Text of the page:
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Wilf Family Center to Allow Exchange of Medical Ideas

MINNEAPOLIS/ST. PAUL — Ideas and advancements in pediatric health care will be able to be shared and received across the state, nation and globe after the unveiling of the Wilf Family Center at the University of Minnesota Masonic Children's Hospital.

Vikings Owners Zygi and Mark Wilf on Wednesday toured the Wilf Family Center that was made possible by a $5 million gift from the Wilf Family Foundation in December 2013.

"For several generations our family has recognized the importance of supporting education and health-related causes, and this gift allowed us to bring together so many different aspects that are meaningful to us," Chairman Zygi Wilf said. "This space will allow the experts here in Minnesota to easily share their ideas and research with a larger audience throughout the region and the world and further engage in conversations regarding children's health."

The Wilfs said they've seen the great research and work accomplished by the hospital during their 10 years of owning the Vikings and appreciated the opportunity to continue the strong relationship with the hospital and the University of Minnesota.

"It's a great honor and privilege to be able to give back to the community," Vikings President Mark Wilf said. "We know through the Vikings what great work the Children's Hospital here does, and this center will allow medical staff and families to be able to utilize this space, communicate with medical people around the world, and it's going to be great for the children and their families here, so we're excited."

The Wilf Family Center will enable expert information to be shared among medical professionals with use of a telehealth room that allows communication between patients and medical staff in state-of-the-art video conferences. Equipment will allow the transmission of medical, imaging and health informatics data from one site to another.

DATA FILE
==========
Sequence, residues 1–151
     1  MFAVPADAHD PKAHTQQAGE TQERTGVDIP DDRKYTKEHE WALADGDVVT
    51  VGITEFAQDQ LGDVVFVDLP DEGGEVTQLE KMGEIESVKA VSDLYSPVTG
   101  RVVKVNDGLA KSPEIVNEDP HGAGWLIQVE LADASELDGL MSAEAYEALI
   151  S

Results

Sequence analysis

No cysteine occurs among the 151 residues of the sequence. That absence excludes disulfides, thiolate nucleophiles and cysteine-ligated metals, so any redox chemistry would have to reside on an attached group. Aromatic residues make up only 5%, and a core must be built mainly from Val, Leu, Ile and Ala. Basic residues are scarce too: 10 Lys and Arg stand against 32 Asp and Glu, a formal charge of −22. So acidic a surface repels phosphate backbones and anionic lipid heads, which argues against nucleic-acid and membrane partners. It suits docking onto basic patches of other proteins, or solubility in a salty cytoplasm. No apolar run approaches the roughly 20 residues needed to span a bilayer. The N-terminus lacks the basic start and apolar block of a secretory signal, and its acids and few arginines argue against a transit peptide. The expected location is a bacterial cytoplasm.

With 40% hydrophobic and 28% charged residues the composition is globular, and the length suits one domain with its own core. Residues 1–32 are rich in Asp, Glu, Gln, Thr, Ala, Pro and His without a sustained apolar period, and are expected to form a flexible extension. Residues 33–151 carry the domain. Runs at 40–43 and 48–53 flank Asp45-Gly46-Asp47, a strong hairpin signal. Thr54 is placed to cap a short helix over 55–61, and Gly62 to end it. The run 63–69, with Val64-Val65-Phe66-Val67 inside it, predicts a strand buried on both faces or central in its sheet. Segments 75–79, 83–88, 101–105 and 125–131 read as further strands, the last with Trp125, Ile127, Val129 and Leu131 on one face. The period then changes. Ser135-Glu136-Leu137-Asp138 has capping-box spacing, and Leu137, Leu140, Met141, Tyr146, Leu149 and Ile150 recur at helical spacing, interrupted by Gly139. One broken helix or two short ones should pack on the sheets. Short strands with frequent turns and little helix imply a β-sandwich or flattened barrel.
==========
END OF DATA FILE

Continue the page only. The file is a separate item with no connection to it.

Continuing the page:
It includes three conference rooms and a 203-seat auditorium that was designed to be a productive space for medical conferences, and a large video screen that can display multiple types of images and presentations at once, but also a place of comfort to patients during movie screenings. The seats and aisles were designed with electrical outlets and space for medical devices that patients might need in order to leave their room.

Mark Wilf said the goals for the Wilf Family Center are to help enhance the care that can be provided to patients and increase their comfort during treatment.

"That's really what it's all about, the children," Mark Wilf said. "This will hopefully allow them to find solutions and help families' lives be better here in Minnesota and throughout the world.

"I think any one of us has an understanding that to be in a hospital, and particularly for children, it can be such a down, that you want to make it as tolerable an experience as possible," he added. "This center, and the ability to go watch movies or spend family time with loved ones here in the hospital can make it feel as much a home as it can be and make their lives a little better."

Dr. Joseph Neglia, a pediatric cancer specialist and the Head of the Department of Pediatrics and Physician-in-Chief of the hospital, said the Wilf Family Center will enable conferencing with colleagues across the country, as well as hosting conferences. He said he appreciates the adaptability of the auditorium that considered patients during the design.

"This is going to serve as essentially the intellectual hub for children's health related activities on this campus, so it's a source for education," Neglia said. "It will be a source for family activities. It will be a way we can teleconference and video link to other centers here in the United States or around the world, and none of this would have happened without the donation from the Wilf Family Foundation. We're hugely excited about it."

University of Minnesota President Eric Kaler said: "We are deeply grateful for this significant gift from the Wilf Family Foundation to provide the resources to build this amazing center and to fund its initial operation."

"Zygi and Mark, I know it is your hope, as it is ours," Kaler added, "that through this center for education — through our efforts as partners — many children will have more days to play, more nights to dream and more time to just be kids."

Since 1964, the Wilf Family Foundation has provided more than $200 million in support for educational, humanitarian, medical, religious and scientific institutions, including Minnesota-based Starkey Hearing Foundation, the United Way, the Walker Art Gallery and Jewish causes.

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